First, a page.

C: Based on colour

  • Yellow: These constitute the largest category and hence, commercially the most cost-effective dyes: turmeric, goldenrod, marigold, parijataka, ustic, blackberry, weld, pomegranate rind, palas, hazel, saffron

  • Red: These are the next most commonly obtained colourants; the popular ones are manjistha, kusumbar, safflower, madder, brazilwood, lac, cochineal and kerm
  • Blue: These are derived from water lily, sunberry, indigo, woad, etc.
  • Black: These are obtained from custard apple, harda, alder, etc.

Natural dyes were meant for their application on natural textile fibres like cotton, linen, jute, silk, wool, etc. However, many of these colourants can also be applied to synthetic fibres like nylon and polyester. The commonly used application methods involve exhaust dyeing in open width form or dip-dye, tie-n-dye methods to achieve certain dyeing and printing effects like bandhani, batik, kalamkari, patola, ikat and ajrakh. In India, the use and application of natural colouration has survived the onslaught of industrial synthetic colourants and rural artisans have preserved this traditional art form.

Natural dyes score over synthetic dyes based on the following features:

  • Eco-friendly: Derived from a natural source and are biodegradable

  • User-friendly: Non-toxic and non-allergic, some have therapeutic value
  • Nature-friendly: Reduced carbon footprint based on renewable source
  • Waste utility: Sourced from waste materials of plants
  • Labour-friendly: Cultivation, extraction and application provides employment opportunity to the people from the rural and suburban areas
  • Shade achievability: Able to produce a wide gamut of shades from a single colour by simply altering dye application techniques
  • Aesthetic ability: Shades produced are soft, lustrous and soothing to the human eye

Although there are many advantages associated with natural colourants in terms of ecological benefits, there are certain limitations that are equally important and need to be considered for adequate comparison with synthetic dyes.

The disadvantages and limitations of natural colourants are:

  • Availability: Inconsistent and varies depending on season, place or source

  • Land use: Requires a large arable area for cultivation, reducing accessible land for food grains
  • Water consumption: Needs a large amount of water during cultivation as well as subsequent colour extraction
  • Less productivity: The actual colour obtained is a small fraction of the large material source
  • High waste: The large amount of leftover mass poses a problem for disposal
  • Quality control: Difficult to attain consistent quality and purity of extracted dyestuff as it varies with the source material
  • Poor reproducibility: Difficult to re-attain the same shade during repeated applications due to the number of complexing factors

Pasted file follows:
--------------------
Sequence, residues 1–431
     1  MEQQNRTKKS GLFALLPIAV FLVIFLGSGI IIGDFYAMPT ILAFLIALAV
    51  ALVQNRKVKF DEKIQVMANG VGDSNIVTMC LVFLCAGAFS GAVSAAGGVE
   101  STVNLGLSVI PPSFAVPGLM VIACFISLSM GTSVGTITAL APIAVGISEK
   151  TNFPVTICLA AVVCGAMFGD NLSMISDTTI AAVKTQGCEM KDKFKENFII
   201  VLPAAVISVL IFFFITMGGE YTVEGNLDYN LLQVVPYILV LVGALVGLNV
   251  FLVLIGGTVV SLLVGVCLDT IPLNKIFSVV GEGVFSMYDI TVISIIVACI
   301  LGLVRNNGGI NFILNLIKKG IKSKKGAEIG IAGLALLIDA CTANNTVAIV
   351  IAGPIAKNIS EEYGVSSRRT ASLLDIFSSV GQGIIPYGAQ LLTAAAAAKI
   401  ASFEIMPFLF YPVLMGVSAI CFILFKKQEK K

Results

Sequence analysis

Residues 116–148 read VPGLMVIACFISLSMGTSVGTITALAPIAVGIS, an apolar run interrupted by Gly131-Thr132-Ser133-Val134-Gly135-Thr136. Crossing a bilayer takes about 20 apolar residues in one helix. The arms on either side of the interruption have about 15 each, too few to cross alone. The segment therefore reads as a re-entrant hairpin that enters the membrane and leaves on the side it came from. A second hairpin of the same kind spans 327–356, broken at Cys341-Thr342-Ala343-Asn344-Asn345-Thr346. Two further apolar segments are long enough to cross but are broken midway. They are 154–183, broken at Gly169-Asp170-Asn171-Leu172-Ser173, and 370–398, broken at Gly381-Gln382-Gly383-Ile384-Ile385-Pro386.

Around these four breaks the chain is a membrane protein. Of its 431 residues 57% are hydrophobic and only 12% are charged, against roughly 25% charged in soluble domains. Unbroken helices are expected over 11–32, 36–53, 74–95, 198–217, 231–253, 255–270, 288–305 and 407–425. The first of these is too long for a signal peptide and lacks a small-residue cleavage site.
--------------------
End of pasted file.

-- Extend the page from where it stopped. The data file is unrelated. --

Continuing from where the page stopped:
• Non-uniformity: Achieving levelness of dyeing is a challenge and needs critical control over various application parameters
  • Low strength: Needs a large quantity of dyestuff owing to the limited tinctorial value
  • Poor shade matching: Recipe prediction is difficult as the dye is a mixture of multiple moieties that vary based on extraction, isolation and purification process
  • Inferior colour fastness: Significantly affected by external factors like sun, sweat water and air
  • Toxicity and hazards: The application of natural colourants involves use of mordants, usually based on metal salts or tannins that cause effluent pollution and hazard to human and aquatic life 
  • High cost: Owing to low yield, tedious colour extraction process and the complicated dyeing application raises the cost

Considering all these benefits and shortfalls of natural and synthetic colourants in terms of ecology, economy, performance efficiency and end-use fastness parameters, it is advisable to adopt a judicious approach towards advocating any specific type of colourant keeping in mind that 'old is not necessarily gold'.

Demand for sustainable wet processing of textiles is growing rapidly; it essentially requires equal consciousness towards economic, social and environmental relevance of the processes and products used therein.

Stringent environmental regulations are imposed by many countries in response to the hazardous effluent generated during synthesis as well as the use of synthetic colourants. The toxic and allergic reactions associated with the synthetic dyes lead to the interest in the use of environment-friendly natural dyes. Therefore, it is imperative to understand the benefits as well as limitations of both the type of colourants and then judiciously consider the applicability of suitable products based on the requirement.